The first day of fall 2015 archeological fieldwork at Taylor-Bray Farm
produced two rare Native American points that had been waiting
in the dirt for thousands of years for their story to be told.
The first discovery was a Bifurcate Base projectile point from the Early Archaic Period dating to between 8,000 - 10,000 years ago. Better, at the same depth in the same test pit, our volunteer excavators discovered an Agate Basin point fragment from the Late Paleo-Indian Period dating 10,000 + years ago. These stone tool styles date from a time when Native peoples were first exploring what is now called Cape Cod. These finds are significant because this may be the only instance where Agate Basin and Bifurcate Base points have been found together in a controlled archaeological context on Cape Cod or in New England. Small numbers of these artifact types have been recovered by casual collectors on Cape Cod and the Islands, but, those finds are without the crucial in situ context of the Taylor-Bray excavation.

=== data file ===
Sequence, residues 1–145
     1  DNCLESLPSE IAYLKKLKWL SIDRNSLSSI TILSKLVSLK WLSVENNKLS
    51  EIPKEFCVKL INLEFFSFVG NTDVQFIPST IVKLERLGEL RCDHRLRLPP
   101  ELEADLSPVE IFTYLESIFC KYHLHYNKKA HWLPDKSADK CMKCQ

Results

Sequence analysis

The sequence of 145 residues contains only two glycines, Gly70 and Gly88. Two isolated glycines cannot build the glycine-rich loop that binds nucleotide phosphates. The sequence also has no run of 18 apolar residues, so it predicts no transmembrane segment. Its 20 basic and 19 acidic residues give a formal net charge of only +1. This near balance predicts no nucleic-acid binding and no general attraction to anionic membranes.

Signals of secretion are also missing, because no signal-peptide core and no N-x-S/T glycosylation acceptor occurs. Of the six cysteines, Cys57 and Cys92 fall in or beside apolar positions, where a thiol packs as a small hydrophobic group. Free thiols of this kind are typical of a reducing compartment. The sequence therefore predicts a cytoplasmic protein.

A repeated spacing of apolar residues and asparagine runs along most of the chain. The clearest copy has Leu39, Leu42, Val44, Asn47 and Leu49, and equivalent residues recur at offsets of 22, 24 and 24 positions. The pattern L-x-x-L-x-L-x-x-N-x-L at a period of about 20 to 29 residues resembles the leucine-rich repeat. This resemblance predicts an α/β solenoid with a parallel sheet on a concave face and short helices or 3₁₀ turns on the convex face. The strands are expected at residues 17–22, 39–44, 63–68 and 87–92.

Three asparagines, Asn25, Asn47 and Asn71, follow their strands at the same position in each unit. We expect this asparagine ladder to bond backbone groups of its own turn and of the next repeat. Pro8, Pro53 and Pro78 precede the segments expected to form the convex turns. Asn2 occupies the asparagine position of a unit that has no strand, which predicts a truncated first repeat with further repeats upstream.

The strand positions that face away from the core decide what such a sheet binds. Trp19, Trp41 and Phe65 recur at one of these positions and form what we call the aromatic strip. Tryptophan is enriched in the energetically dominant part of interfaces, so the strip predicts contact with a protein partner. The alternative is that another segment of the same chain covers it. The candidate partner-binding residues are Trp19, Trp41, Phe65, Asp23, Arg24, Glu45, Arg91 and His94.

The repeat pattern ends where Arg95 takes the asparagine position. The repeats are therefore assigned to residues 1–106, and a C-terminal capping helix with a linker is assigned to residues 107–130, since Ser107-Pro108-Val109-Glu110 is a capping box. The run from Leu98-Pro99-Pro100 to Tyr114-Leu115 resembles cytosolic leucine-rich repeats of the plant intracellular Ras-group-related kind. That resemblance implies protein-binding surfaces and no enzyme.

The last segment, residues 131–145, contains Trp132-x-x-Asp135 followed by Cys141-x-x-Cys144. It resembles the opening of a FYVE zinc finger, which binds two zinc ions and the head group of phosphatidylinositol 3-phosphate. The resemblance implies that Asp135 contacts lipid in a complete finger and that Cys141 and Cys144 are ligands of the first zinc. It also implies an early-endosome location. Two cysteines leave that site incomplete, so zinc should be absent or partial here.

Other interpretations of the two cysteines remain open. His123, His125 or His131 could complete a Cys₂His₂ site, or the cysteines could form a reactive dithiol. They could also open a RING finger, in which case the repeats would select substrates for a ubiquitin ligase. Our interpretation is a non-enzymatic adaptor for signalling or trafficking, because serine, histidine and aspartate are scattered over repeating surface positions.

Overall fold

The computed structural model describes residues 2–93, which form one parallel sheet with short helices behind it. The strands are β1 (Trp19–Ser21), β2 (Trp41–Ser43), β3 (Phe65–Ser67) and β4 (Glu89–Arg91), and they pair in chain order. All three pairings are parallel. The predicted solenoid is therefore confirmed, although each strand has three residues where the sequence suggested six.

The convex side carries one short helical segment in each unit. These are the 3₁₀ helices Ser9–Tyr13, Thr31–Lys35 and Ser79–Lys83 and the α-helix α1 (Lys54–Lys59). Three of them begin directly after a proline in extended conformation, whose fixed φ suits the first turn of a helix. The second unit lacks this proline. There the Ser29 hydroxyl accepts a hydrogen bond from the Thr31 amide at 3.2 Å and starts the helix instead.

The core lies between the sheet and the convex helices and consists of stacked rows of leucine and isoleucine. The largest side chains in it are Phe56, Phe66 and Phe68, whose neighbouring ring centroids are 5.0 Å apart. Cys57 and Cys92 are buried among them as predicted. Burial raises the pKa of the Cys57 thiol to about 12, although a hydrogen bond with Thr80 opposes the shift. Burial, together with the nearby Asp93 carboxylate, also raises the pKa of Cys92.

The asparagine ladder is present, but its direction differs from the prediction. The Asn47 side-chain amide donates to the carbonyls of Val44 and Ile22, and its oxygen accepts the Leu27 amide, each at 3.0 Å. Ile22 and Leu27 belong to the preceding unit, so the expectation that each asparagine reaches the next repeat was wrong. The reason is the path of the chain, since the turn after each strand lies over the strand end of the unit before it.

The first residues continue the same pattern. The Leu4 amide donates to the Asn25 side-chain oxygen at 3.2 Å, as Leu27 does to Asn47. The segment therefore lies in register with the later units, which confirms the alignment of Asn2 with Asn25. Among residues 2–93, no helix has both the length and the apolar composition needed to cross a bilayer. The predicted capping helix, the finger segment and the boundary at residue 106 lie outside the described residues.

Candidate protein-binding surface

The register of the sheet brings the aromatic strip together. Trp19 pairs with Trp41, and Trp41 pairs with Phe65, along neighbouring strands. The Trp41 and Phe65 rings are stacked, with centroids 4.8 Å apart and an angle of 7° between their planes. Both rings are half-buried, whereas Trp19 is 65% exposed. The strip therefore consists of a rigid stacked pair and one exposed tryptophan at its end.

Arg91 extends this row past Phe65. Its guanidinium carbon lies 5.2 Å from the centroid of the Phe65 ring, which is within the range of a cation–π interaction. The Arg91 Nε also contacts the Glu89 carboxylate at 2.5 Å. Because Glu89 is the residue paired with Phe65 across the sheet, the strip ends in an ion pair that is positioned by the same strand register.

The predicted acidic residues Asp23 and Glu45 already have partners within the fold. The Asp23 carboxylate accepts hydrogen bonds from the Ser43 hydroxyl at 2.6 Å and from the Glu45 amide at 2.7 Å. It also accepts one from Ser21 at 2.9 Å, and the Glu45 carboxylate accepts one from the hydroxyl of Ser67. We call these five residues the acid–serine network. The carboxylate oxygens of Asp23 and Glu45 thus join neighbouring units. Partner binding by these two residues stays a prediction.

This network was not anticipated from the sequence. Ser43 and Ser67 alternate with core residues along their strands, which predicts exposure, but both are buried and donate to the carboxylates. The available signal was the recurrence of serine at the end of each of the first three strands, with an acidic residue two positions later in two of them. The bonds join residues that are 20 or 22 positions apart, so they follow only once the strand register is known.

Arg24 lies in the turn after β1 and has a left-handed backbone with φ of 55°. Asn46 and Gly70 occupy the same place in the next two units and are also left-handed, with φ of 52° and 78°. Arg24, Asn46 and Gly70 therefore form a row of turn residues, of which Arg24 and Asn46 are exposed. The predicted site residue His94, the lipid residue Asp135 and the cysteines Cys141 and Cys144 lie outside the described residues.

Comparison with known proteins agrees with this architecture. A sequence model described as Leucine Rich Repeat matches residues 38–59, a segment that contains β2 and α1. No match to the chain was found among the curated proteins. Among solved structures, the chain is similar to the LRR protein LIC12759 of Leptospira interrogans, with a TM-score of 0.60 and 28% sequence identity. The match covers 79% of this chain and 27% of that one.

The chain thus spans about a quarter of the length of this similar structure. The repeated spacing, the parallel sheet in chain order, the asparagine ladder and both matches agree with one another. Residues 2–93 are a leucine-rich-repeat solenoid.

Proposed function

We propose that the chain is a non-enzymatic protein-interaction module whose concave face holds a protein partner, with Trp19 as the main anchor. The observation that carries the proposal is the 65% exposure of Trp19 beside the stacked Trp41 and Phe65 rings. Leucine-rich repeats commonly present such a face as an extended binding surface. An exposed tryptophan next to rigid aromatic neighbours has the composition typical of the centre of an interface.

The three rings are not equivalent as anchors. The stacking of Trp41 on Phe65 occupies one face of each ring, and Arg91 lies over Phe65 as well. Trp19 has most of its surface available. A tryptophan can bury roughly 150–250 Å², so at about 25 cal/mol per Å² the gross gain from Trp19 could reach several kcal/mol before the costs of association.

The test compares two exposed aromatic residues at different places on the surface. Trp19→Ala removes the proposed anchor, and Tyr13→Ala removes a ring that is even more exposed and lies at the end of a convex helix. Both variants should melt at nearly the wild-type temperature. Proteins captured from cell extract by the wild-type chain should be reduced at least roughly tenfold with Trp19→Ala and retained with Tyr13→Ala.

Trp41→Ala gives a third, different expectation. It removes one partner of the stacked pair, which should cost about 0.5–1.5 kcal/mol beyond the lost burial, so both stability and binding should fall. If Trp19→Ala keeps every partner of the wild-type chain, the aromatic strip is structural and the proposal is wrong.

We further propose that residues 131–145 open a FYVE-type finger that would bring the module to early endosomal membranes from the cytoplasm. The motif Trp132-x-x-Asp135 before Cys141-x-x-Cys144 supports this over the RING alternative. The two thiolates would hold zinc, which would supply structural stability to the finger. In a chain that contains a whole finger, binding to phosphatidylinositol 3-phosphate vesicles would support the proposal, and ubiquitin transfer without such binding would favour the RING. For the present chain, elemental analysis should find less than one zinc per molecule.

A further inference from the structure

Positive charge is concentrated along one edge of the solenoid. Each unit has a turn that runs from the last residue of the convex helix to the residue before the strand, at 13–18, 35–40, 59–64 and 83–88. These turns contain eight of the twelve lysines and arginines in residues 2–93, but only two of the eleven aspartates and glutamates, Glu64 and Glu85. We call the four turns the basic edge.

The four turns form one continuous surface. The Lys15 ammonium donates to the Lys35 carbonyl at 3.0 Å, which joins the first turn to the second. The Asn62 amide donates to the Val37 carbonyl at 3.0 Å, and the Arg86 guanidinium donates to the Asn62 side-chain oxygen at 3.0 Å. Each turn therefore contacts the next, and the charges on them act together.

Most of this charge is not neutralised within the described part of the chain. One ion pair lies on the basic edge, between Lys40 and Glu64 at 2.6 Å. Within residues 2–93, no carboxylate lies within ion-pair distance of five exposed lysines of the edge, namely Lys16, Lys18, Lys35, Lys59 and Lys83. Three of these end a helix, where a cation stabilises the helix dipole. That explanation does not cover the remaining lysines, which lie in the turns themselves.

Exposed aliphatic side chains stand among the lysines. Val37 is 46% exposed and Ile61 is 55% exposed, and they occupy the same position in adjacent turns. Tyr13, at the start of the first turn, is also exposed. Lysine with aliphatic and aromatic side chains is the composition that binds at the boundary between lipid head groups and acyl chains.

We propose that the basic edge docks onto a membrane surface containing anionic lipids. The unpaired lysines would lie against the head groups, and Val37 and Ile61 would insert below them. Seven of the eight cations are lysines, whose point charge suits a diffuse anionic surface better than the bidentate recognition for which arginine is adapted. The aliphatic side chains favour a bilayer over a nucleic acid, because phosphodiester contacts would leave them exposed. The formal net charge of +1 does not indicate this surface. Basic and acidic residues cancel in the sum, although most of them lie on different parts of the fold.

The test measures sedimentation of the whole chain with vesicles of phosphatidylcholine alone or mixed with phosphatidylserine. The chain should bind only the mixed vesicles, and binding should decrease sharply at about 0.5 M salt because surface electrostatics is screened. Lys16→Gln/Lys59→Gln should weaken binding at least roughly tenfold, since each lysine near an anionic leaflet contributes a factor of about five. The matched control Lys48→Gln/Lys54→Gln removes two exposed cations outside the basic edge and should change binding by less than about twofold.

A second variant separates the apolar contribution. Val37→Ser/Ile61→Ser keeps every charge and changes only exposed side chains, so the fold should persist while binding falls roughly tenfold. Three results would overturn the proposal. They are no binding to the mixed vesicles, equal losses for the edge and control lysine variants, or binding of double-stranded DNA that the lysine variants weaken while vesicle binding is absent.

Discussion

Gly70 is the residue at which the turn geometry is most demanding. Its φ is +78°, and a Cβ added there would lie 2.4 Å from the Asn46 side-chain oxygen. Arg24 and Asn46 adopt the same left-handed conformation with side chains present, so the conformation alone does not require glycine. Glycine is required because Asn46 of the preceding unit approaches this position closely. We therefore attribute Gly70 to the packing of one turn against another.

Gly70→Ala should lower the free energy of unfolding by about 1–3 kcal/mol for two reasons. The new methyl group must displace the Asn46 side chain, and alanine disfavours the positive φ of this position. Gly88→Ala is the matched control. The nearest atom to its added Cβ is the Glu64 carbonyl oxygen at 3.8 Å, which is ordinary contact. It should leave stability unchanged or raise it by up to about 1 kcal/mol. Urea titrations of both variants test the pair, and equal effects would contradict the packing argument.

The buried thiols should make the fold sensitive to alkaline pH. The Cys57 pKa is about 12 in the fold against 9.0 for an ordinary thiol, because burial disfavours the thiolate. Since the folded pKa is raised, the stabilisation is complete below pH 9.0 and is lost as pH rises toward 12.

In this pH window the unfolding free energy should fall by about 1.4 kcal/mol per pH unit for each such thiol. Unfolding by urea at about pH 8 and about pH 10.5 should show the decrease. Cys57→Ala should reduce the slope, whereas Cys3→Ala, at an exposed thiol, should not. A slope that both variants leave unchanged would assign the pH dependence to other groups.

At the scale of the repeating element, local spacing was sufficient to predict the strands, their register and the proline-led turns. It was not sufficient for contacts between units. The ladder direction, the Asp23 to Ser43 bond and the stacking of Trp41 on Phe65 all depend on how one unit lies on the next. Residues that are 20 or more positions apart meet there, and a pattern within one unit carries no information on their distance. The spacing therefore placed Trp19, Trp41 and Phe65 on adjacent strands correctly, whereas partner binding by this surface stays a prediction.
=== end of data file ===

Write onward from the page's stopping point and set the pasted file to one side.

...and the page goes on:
These were not the only significant discoveries made. Watch Craig Chartier discuss the Taylor-Bray archaeology program and the significance of the findings in 2015 in a talk given at the Yarmouth Port Library.
Craig Chartier, Taylor-Bray Farm Project Archaeologist, discusses the
results of the 2015 fieldwork at the Yarmouth Port Library, April 9, 2016.
Information about other aspects of the Taylor-Bray archaeology project is found in the other archaeology pages of the website.